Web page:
(Kenny writing)

The reason Pink has for years seemed like a person, unlike Brittany or Amy W., is because she wants to go to rehab.  Not from some prissy moralistic point of view, but from the point of view that the party does end and you have to face yourself in the mirror when it does.  Pink gives one some hope that getting the party started and groundedness are not mutually exclusive.  Since this seems, so far as I can tell, to match the actual needs of actual listeners to pop radio like myself (not to mention actual people with jobs, actual people on earth, and actual people most generally), I have been among the group who think that she has made some of the most meaningful pop hits of the decade.  “Let’s Get This Party Started”, I’m open; “Don’t Let Me Get Me,” I’m with you; “Just Like A Pill,” absolutely, I know just what you mean.  I found “So What” was a little disheartening.

And then comes “Sober,” an answer song to “Rehab” though she would never think of it that way, and Pink’s greatest accomplishment.  Correct that:  her greatest accomplishment is to produce an excruciatingly long second plus of silence on KHOP every hour, the break that occurs at the beginning of the second verse when she sings, as I would want my daughter to, “I don’t want to be the girl who has to fill the silence,” and then everything stops.  Just stops.  Until, wouldn’t you know, she has to fill the silence, acknowledging that “the quiet scares me ’cause it screams the truth.”  By the time she sums up the main narrative, about the confusion that occurs when you get high and then the party ends, with “how do I feel this good and sober?” you figure, sobriety is not a given, but actually an achievement.  As it is for graduates of AA.  Unfortunately the graduate of AA believes s/he has a “disease” and will, essentially inevitably relapse.  Pink is the person who really used to abuse alcohol (or pills or whatever) and stopped because it was the right thing to do, not right because their minister or their society said it was but for their own improved mental health and ability to engage with those they love and work with.  And because they did it on their own terms they still feel fine about going out and getting blitzed sometimes.  And, no, getting blitzed doesn’t cause them to fall back into the old pattern.   

Of course this last describes me and roughly half my friends.  Who said maturity has no place on pop radio?

2 Responses to “Sober”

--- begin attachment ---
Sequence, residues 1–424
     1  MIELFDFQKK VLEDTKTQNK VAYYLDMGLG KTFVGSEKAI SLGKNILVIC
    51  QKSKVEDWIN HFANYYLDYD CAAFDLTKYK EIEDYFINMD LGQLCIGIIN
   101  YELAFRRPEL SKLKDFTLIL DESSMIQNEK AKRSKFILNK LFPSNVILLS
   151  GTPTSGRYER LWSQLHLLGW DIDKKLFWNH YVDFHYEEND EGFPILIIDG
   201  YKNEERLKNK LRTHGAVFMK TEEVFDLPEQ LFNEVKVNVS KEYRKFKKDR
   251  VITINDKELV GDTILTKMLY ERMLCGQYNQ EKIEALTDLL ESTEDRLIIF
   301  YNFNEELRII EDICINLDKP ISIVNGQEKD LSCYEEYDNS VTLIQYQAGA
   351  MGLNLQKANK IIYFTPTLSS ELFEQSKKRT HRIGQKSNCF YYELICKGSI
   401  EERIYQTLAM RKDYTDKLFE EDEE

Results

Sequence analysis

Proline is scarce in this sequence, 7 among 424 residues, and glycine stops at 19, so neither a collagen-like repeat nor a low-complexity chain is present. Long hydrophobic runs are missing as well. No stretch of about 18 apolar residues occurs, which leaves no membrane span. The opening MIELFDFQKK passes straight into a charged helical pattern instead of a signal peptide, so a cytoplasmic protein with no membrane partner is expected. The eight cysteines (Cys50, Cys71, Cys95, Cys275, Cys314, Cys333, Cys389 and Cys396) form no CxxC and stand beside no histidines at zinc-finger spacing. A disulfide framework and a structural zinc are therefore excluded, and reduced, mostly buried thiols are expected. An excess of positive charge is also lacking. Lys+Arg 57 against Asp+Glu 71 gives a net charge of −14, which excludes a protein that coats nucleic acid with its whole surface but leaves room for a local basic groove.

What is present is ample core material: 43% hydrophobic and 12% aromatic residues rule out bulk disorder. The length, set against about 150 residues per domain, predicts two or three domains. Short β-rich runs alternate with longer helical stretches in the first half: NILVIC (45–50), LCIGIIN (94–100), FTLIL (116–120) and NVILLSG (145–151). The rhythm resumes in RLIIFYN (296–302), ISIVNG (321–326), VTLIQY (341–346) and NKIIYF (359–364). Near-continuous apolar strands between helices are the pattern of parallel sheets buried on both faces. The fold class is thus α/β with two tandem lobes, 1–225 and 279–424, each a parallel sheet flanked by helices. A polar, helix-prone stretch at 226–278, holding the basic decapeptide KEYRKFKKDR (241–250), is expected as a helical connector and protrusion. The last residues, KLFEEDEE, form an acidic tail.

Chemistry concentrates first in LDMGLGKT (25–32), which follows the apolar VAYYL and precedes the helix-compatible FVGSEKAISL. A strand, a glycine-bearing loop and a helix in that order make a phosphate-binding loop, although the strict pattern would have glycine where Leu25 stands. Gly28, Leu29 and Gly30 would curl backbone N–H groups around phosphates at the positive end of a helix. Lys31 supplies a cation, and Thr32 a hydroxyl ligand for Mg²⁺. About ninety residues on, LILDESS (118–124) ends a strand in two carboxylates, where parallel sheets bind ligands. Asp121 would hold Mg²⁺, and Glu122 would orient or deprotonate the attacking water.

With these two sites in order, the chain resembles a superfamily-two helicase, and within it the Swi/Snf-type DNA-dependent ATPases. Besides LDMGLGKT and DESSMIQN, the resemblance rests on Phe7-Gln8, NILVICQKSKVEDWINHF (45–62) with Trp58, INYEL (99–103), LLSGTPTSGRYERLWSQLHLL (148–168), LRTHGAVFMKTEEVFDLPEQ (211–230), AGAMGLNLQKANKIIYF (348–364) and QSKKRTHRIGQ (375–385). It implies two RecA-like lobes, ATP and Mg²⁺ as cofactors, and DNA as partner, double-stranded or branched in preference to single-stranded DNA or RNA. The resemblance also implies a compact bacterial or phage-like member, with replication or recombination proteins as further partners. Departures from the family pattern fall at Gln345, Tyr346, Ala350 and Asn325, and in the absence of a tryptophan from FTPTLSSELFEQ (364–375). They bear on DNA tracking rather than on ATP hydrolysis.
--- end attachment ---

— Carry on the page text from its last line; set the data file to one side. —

1. 1 schweitzito

    I don’t hear “Sober” (which, although an admirer of P!nk, I hadn’t heard of until Kenny’s post — I wish ipods had radios, I wish I thought getting a non-Apple mp3 player was a good alternative, I wish radio reception in Manhattan didn’t suck even when you’re not in the subway) as from the perspective of already being sober. I think “how do I feel this good sober” is a somewhat ungrammatical “how WILL I feel this good sober.” “How WOULD I…” Something like that. She feels the party’s over, but otherwise the lyrics leave either interpretation possible. She’s safe when she’s high. On the other hand, you can’t find “you that you once had” either — it’s the nature of life that life changes you, which is as fundamental a truth as that all life is struggle, and so it’s a struggle to stay sober forever starting now, and a struggle to get sober again, and a struggle to find a balance, and if maintaining that general balance has rarely (not never) been a problem for me regarding booze, and other recreational drugs just never interested me that much, my attempt to cure my addiction to carbohydrates five years ago was a short-term success and long-term futility. But getting (back) to P!nk (always loved that exclamat!on po!nt, better than Prince’s glyph) — she’s high and it feels great, and she’s worried how she’ll feel that good if she gives up the stuff.
    I don’t think it’s an answer song to “Rehab” because rehab is less about addiction/recovery than basic obedience, just like “Papa Don’t Preach” was less about the abortion issue than it was about basic obedience. They may refuse obedience against all reason (Amy clearly needs some help, and to get it now means dishonoring her most famous song, but that’s showbiz), but that’s what I hear them saying, and sometimes it just feels good to tell reason to go take a flying fuck. Even if you’ll regret it in the morning.
    Anyway, the real “Rehab” belongs to Stew, he late of the Passing Strange autobiomusical on Broadway. His third person junkie shifts from optimism to embarrassment to a self-sufficient combo of hedonism and cynicism, and I’d like to hear the sequel because I don’t believe it lasts, and neither does Stew, because he’s written plenty about how he doesn’t get high like he once did.

  2. 2 Kenny

    It doesn’t make the slightest bit of difference whether the narrator is sober or not at the moment the song is sung. What matters is the expressed desire to be high and sober at the same time, which is quite unambiguous in the song. The song is expressed as desire, “I don’t want to be the girl who . . . ” In the real lives of Pink fans, and the world in general, it is experienced as need. This is why it’s so disgusting when people who themselves are generally sober, and who don’t need to be so much, laud “Rehab” as some kind of liberation.

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